16th-century Japan – an era full of backstabbing, political maneuvering, and of course war. The game takes place during this feudal era of Japan, where samurai and other warriors vied for control of everything. This beautiful entry in the Total War series from Creative Assembly has you in the role of a clan leader vying for control of the shogunate and mainland Japan. As a leader you will use political allies, trade, and of course your armies to work your way across the land and conquer all who oppose you.
For those not familiar with the Total War series, it’s both a turn-based civ game similar to Civilization while simultaneously being a real-time strategy when the real fighting begins. Turns themselves are handled from a large overview of the map. From here players can manage their towns for maximum benefit (either producing troops or producing money all while keeping the populace happy), moving their armies around, and dealing with the politics of the land. Once a fight is initiated – either out in the open or laying siege to a town – the game cuts to a battle map where you directly control your army’s movements and attacks. These battles can be extremely massive with THOUSANDS of people under your control, or if you’re unlucky, under your enemy’s control.
Shogun 2 starts the player (or players if you’re trying cooperative online) picking out a clan. Each clan has their own strengths and weaknesses as well as starting points. There are nine starting clans to choose from (11 with DLC), so every player will have a favorite. Personally I favor the Date clan in the upper peninsula for the security and unit bonuses. As you move across the map, more opportunities open up with new buildings that you take control of as well with research that you’ll undertake. These opportunities include new units, unit bonuses, and better ways to wage war. Be careful waging all-out war though – units cost money and players must effectively manage both their civil responsibilities of their citizen’s happiness as well as their monetary concerns too. I can say that having multiple, large armies is a massive drain on your economy – it’s hard to upkeep thousands of troops without the proper taxes and money flowing in.
The game also offers a number of gameplay modes other than just singeplayer. Players can take their armies online with friends in an all out brawl with up to 8 players (think of how big that battle could be!), participate in a cooperative or competitive mode for 2 players, and try out the neat addition called the Avatar Campaign. The Avatar Campaign pits you against random opponents online, but as you win you will progress and gain new buildings, units, and possible upgrades for your customizable general. It’s fun to try this mode out, but sometimes the game glitches on your rewards, players quit out, or they straight up use cheap tactics. But then again – that’s what war is about.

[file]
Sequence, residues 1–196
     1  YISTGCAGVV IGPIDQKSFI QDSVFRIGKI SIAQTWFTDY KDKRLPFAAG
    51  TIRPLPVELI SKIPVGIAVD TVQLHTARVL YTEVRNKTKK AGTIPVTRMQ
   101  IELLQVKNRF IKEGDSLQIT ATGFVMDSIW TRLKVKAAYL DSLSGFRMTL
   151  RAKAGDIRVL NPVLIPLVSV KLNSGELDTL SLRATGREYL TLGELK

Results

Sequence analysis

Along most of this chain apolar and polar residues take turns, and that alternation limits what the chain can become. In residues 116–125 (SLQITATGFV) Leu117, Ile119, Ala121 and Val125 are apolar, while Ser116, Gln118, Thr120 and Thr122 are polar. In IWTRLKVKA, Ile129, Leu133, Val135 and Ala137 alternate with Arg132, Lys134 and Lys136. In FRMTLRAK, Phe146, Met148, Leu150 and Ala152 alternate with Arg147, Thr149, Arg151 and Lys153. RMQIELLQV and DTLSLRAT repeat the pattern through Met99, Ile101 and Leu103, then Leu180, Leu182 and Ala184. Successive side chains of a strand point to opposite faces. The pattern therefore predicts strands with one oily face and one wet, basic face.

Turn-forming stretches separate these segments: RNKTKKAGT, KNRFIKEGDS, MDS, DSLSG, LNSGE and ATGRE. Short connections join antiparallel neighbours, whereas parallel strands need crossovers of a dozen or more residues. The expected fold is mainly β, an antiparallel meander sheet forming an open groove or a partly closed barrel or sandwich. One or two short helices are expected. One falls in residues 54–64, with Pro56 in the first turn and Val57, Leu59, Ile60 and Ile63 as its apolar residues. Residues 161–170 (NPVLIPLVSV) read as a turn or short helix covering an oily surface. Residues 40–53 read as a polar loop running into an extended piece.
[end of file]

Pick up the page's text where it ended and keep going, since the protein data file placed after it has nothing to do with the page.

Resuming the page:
Graphically the game is a step up from the previous Empire games – it just looks so much cleaner and nicer. There are also some fun videos to watch, including the game’s opening cinematic which is amazing. There are some great details on the units as well – zoom in for a closer look and you can practically see the grit and dirt on the troops faces or the gleam in their armor. The other fantastic piece of this game is the music and voice acting. Creative Assembly went all out and provided proper Japanese voice acting (or in the case of advisors, English speaking Japanese actors) and Japanese musical accompaniments. While hearing the same commands over and over can be annoying, the music was always fun, especially so before a battle.
There are some glitches in the game however that carried over from the Empire games. While they are not necessarily the worst, there was one glitch that effectively destroyed the online cooperative/competitive mode. As you played, the games could possibly de-sync, causing different actions to happen to each player. Beyond that though, the rest of the game is a fantastic play and a great return to the Total War series. And for only $29.99 now, it’s a perfect game for those looking to try a longer, more drawn-out title rather than a 4-hour long first-person shooter.
Note: The Total War: Shogun 2 review was written based on the PC version of the game.